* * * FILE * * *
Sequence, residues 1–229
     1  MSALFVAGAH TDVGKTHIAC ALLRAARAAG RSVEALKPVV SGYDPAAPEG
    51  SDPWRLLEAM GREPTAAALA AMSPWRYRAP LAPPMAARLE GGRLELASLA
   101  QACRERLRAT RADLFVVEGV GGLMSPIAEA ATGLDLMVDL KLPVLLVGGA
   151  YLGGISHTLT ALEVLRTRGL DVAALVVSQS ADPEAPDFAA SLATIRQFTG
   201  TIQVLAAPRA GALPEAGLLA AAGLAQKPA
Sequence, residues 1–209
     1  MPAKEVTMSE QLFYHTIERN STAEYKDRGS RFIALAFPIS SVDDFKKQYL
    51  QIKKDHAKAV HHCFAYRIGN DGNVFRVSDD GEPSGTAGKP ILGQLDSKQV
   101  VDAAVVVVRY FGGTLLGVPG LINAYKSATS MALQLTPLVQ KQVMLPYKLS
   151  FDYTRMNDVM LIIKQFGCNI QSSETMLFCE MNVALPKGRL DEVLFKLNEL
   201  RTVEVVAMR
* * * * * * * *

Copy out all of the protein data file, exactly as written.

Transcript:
Sequence, residues 1–229
     1  MSALFVAGAH TDVGKTHIAC ALLRAARAAG RSVEALKPVV SGYDPAAPEG
    51  SDPWRLLEAM GREPTAAALA AMSPWRYRAP LAPPMAARLE GGRLELASLA
   101  QACRERLRAT RADLFVVEGV GGLMSPIAEA ATGLDLMVDL KLPVLLVGGA
   151  YLGGISHTLT ALEVLRTRGL DVAALVVSQS ADPEAPDFAA SLATIRQFTG
   201  TIQVLAAPRA GALPEAGLLA AAGLAQKPA
Sequence, residues 1–209
     1  MPAKEVTMSE QLFYHTIERN STAEYKDRGS RFIALAFPIS SVDDFKKQYL
    51  QIKKDHAKAV HHCFAYRIGN DGNVFRVSDD GEPSGTAGKP ILGQLDSKQV
   101  VDAAVVVVRY FGGTLLGVPG LINAYKSATS MALQLTPLVQ KQVMLPYKLS
   151  FDYTRMNDVM LIIKQFGCNI QSSETMLFCE MNVALPKGRL DEVLFKLNEL
   201  RTVEVVAMR